The Mall is the main attraction in Shimla, lined with shops selling woollen garments and shawls, handicrafts, departmental stores, eateries and old colonial timber houses. There is a palpable change of character from the times when the Mall was strictly out of bounds for all natives except royalty, to the noisy and very Indian crowds that walk down it today.

Dominating the eastern end of the Ridge is the Christ Church, which was consecrated in 1857. It is a prominent yellow painted building with a Victorian-Gothic spire. Inside, some of the finest stained glass windows in India depict faith, hope, charity, fortitude, patience, and humility.

Next to the church is the mock- Tudor Library, built in 1910. It has a collection of historical books and subscribes to most English language dailies.

On the other extreme of the central square is the Scandal Point. A statue of the Punjabi freedom fighter Lala Lajpat Rai now dominates the place and groups of local people gather here in the afternoon for some casual chit-a-chat.

The Kali Bari close to Scandal Point enshrines the idol of Shyamla Devi, the presiding deity of Shimla.

Shimla Tours Other reminders of Shimla's colonial past include the Town Hall, the timber lined General Post Office and the old Gaiety Theatre. This popular hall was home to the Shimla Amateur Dramatic Society, complete with a gentlemen's club where the discussion veered around the noble pursuit of cricket and horse racing.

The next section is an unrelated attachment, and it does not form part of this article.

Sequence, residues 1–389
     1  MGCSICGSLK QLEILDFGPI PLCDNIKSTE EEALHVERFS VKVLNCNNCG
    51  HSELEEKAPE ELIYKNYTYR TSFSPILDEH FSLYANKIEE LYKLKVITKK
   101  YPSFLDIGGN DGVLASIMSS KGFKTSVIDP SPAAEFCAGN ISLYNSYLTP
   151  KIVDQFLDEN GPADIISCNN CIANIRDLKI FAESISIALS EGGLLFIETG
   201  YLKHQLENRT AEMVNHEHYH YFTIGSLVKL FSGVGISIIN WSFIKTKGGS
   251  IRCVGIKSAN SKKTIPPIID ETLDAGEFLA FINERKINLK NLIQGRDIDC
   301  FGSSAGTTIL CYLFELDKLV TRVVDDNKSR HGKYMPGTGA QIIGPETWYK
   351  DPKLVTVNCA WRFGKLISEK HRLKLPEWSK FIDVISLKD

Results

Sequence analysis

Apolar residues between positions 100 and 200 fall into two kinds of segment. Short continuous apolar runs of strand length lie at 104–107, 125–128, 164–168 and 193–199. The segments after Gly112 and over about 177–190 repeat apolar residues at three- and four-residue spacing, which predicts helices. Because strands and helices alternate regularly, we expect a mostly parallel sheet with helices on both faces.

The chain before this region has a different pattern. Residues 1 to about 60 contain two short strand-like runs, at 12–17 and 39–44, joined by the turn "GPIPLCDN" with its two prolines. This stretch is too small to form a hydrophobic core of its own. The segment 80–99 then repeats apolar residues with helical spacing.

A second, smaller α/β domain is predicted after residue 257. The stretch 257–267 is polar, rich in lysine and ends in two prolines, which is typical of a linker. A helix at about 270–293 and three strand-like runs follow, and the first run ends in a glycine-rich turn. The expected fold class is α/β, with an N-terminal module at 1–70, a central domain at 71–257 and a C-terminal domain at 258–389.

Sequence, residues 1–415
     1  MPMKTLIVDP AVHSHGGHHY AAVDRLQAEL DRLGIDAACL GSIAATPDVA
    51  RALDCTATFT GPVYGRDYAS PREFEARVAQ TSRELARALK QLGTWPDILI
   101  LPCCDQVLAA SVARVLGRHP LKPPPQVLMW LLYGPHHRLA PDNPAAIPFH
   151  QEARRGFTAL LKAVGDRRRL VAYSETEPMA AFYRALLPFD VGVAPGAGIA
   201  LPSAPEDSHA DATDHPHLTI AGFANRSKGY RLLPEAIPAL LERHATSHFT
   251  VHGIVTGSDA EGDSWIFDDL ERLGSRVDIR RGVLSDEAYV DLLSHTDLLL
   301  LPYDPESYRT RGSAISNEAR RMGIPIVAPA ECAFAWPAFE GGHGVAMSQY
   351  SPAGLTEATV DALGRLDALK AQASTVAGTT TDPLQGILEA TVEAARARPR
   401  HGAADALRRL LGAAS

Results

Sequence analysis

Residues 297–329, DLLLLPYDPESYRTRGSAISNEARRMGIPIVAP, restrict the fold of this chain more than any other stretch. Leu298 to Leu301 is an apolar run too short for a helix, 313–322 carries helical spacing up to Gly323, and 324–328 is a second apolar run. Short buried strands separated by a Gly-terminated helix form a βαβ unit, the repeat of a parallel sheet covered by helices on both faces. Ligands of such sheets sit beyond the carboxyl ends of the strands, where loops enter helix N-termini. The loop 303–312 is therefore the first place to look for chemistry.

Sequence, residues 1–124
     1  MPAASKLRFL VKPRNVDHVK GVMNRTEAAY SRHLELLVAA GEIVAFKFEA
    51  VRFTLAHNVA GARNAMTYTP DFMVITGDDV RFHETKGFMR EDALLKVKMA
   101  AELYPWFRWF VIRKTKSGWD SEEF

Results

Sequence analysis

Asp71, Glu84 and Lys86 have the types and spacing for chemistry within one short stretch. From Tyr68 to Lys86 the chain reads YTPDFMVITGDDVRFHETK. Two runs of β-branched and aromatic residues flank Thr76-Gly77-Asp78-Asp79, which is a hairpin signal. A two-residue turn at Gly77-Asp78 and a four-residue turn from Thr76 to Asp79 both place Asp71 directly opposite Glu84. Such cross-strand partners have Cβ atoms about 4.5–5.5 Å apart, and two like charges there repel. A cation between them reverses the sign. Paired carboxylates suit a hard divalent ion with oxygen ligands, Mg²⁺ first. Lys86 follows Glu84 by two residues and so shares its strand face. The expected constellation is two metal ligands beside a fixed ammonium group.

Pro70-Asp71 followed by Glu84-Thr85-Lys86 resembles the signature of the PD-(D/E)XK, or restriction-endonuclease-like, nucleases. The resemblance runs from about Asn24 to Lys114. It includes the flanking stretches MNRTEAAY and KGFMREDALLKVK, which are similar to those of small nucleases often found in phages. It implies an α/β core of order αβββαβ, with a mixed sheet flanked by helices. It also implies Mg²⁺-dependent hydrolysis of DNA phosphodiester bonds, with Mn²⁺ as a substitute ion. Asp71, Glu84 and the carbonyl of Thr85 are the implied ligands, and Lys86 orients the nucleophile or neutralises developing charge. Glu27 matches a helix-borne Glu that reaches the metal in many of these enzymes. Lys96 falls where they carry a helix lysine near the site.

Down from the Mall stands the gracious Cecil Hotel, originally built in 1877 and now rebuilt to its original grandeur. Leading away from the Mall are the narrow alleys and busy side streets of the market. This part of town, with its rickety shacks, corrugated iron sheet roofs and colourful stalls, has a distinctive local flavour.

The Lakkar Bazaar is famed for its woodcrafts and souvenir shops, while the Subzi Mandi or lower Bazaar has stalls stocked with fruits, vegetables and dry fruits. A cluster of Tibetan shops sell imported goods, though some could be fakes.

The other important church, St. Michael's Cathedral, which is built like a cruciform, is just off the Mall. The most impressive colonial edifice of Shimla is the Vice Regal Lodge, now known as the Rashtrapati Niwas (President's House). Sitting on the flat top of Observatory Hill, this Elizabethan mansion was built in 1888 for Lord Dufferin. It now houses the Institute of Advanced Studies, and is open only in some parts to the public.

The grey building still retains its grandeur, with a lion and unicorn guarding the entrance, immaculate lawns, and original brass fire hydrants from Manchester. The Lodge has a chapel and an indoor swimming pool. Inside, the rooms have rich woodcarvings and wooden panelling.

Shimla Tours The ballroom has now been turned into a library, while the conference room has photographs of Jawaharlal Nehru, Mohammad Ali Jinnah and Mahatma Gandhi in consultation during the run-up to independence. The Lodge also has a botanical garden and a cafe. Towards the rear is a stone terrace with a view of some major Himalayan peaks. There are streams running down from top of the hill, flowing into the Sutlej, Yamuna, and Ganga.

The Prospect Hill, which can be reached by a short cut through the forests west of the Viceregal Lodge, is a popular picnic spot. A tarmac path leads up to the top at 2,176 metres, crowned by the Kamana Devi temple. Here you get a grand view of the southern side of Shimla, the undulating hills and valleys of southern Himachal and beyond to the plains of Punjab in the distance.

The Jakhu Temple, sitting on top of Jakhu hill at 2,455 metres is the highest point on the ridge. This temple dedicated to Lord Hanuman, the monkey god, is quite appropriately beset with hordes of very aggressive monkeys. It is best to steer clear of them and keep all eatables well out of reach.